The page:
Since it’s almost tax day (remember it’s different this year), here’s a timely reminder: don’t use any frivolous arguments to claim that you don’t have to pay income tax.
And don’t forget that just because your frivolous argument hasn’t yet been called out as such by a court or the IRS, that doesn’t mean it’s not frivolous:
This document, including the relevant legal authorities cited, is not intended to provide an exhaustive list of frivolous tax arguments. Merely because a frivolous argument is not included in this document does not mean that it is not frivolous. Taxpayers may not rely on frivolous arguments to avoid or evade federal taxes. The government and courts are not precluded from penalizing taxpayers who raise a frivolous argument not addressed in this document.
HERE’S AN EVEN WORSE IDEA FOR FIXING THE TAX SYSTEM – GIVE CONTROL OF IT TO THE UNELECTED BOARD OF GOVERNORS OF THE FEDERAL RESERVE
Well, the suggestion isn’t to give the Fed control of making all the federal tax laws. The suggestion is to just let them set the tax rates. That way the rates can be set high enough to pay for everything Congress wants to spend money on, instead of having the federal government constantly running at a deficit.
What a brilliant idea! Why didn’t someone suggest this sooner? Congress can just order all the programs it wants, then leave it to the un-elected board of the Fed to jack up the tax rates to pay for it all. What could go wrong?
Actually, now that I’m thinking about it, this might not be such a bad idea, although not for the reasons that the authors of it are suggesting. It’s possible that if the Fed were to set tax rates high enough to actually reduce the federal budget deficit, the resulting tax increases would cause a taxpayer uproar big enough to upend the whole system and finally bring federal spending under control.
But nah, that would never happen, as the authors of this proposal implicitly concede when they say rates should be set high enough to “manage federal debt sustainably over time,” but should also be adjusted to “promote full employment and stable inflation… while rates could go down a bit when the economy needs an extra spark.” So the Fed wouldn’t have to actually raise tax rates enough to balance the budget, but they would get to try to manage the economy by tinkering with the rates in response to economic conditions. Again, what could go wrong?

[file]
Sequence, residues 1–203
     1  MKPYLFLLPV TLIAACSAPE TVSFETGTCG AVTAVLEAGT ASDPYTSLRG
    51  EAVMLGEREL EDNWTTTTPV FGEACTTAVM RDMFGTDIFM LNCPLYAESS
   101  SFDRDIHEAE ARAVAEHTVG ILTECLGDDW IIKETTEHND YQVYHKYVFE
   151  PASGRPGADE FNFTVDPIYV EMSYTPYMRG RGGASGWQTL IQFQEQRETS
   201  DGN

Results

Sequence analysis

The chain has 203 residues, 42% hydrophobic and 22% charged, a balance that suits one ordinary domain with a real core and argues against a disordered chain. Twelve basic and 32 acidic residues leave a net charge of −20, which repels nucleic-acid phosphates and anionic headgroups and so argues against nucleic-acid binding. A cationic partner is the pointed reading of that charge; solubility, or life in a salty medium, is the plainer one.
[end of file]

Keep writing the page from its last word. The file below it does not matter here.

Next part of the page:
It’s only been a few days since I posted about someone promoting the idea of having the government prepare everyone’s tax returns. That would supposedly improve the functioning of our dysfunctional federal tax system. Now here’s another idea that’s supposed to fix a separate, but related way in which our federal tax system is broken. Notice that both ideas would make the current system even more self-perpetuating. That’s not the direction that things need to go, is it?
Or even Todd Rundgren’s Utopia…
From an item by Sarah Jeong at theatlantic.com:
“[W]herever information gathers and flows, two predators follow closely behind it: censorship and surveillance. The case of digital money is no exception. Where money becomes a series of signals, it can be censored; where money becomes information, it will inform on you.”
For real! Here’s the IRS announcement:
The Internal Revenue Service announced [on April 6] a new payment option for individual taxpayers who need to pay their taxes with cash. In partnership with ACI Worldwide’s OfficialPayments.com and the PayNearMe Company, individuals can now make a payment without the need of a bank account or credit card at over 7,000 7-Eleven stores nationwide.
Uh huh. If I use that service, do I get a discount on a Slurpee?
GIVING THE GOVERNMENT THE JOB OF PREPARING EVERYONE’S TAX RETURNS ISN’T MY IDEA OF TAX SIMPLIFICATION
Another installment in the “I have said this before” category: turning tax return preparation over to the government is not tax simplification.
Another equally unavailing argument now being advanced is that turning tax return preparation over to the government is a way to stick it to those greedheads at Intuit (the maker of Turbo Tax) and H&R Block.
All turning tax return preparation over to the government will do is make the tax system even more opaque and less responsive to citizen influence. Much like tax withholding did.
What the homeowner in this story was doing maybe isn’t so trivial, but does this municipal government really have nothing better for its employees to do than enforce a setback requirement for a vegetable garden?
Maybe the municipality just has too many employees? Nah, that’s impossible.
Shades of the town in California that decided to outlaw artificial turf, but only in residential front yards.
I wouldn’t ordinarily link to something (or even read something) from this publication, but it’s about self-driving cars, so I’ll make an exception. I found it via Drudge.
Anyway, the reason the article caught my eye is that it’s about a self-driving car that’s already in use, albeit not on regular public streets. It’s on a college campus. Nevertheless, it is in use. What’s more, the vehicle was built by a startup company for a fraction of the cost of the prototypes being developed by automakers, Google, and others.
I keep saying, these things will be available for everyone in the foreseeable future.
The contents of this blog, this web site, and any writings by me that are linked here, are all my personal commentary. None of it is intended to be legal advice for your situation.